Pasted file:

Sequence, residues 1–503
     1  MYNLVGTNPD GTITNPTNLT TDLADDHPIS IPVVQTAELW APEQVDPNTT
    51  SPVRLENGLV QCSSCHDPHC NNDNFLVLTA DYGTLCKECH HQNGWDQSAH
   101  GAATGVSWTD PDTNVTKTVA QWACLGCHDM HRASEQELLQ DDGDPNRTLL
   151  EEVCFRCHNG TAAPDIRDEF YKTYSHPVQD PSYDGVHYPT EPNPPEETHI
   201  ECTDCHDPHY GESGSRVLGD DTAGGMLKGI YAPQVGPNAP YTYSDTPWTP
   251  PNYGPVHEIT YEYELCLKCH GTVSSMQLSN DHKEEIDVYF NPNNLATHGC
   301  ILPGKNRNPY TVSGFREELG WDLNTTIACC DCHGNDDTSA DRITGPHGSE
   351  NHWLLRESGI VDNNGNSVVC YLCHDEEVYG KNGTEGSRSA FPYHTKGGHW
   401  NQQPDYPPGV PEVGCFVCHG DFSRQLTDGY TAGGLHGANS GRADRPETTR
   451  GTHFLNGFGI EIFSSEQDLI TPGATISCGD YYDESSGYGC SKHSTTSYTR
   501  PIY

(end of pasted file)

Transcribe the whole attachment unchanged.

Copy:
Sequence, residues 1–503
     1  MYNLVGTNPD GTITNPTNLT TDLADDHPIS IPVVQTAELW APEQVDPNTT
    51  SPVRLENGLV QCSSCHDPHC NNDNFLVLTA DYGTLCKECH HQNGWDQSAH
   101  GAATGVSWTD PDTNVTKTVA QWACLGCHDM HRASEQELLQ DDGDPNRTLL
   151  EEVCFRCHNG TAAPDIRDEF YKTYSHPVQD PSYDGVHYPT EPNPPEETHI
   201  ECTDCHDPHY GESGSRVLGD DTAGGMLKGI YAPQVGPNAP YTYSDTPWTP
   251  PNYGPVHEIT YEYELCLKCH GTVSSMQLSN DHKEEIDVYF NPNNLATHGC
   301  ILPGKNRNPY TVSGFREELG WDLNTTIACC DCHGNDDTSA DRITGPHGSE
   351  NHWLLRESGI VDNNGNSVVC YLCHDEEVYG KNGTEGSRSA FPYHTKGGHW
   401  NQQPDYPPGV PEVGCFVCHG DFSRQLTDGY TAGGLHGANS GRADRPETTR
   451  GTHFLNGFGI EIFSSEQDLI TPGATISCGD YYDESSGYGC SKHSTTSYTR
   501  PIY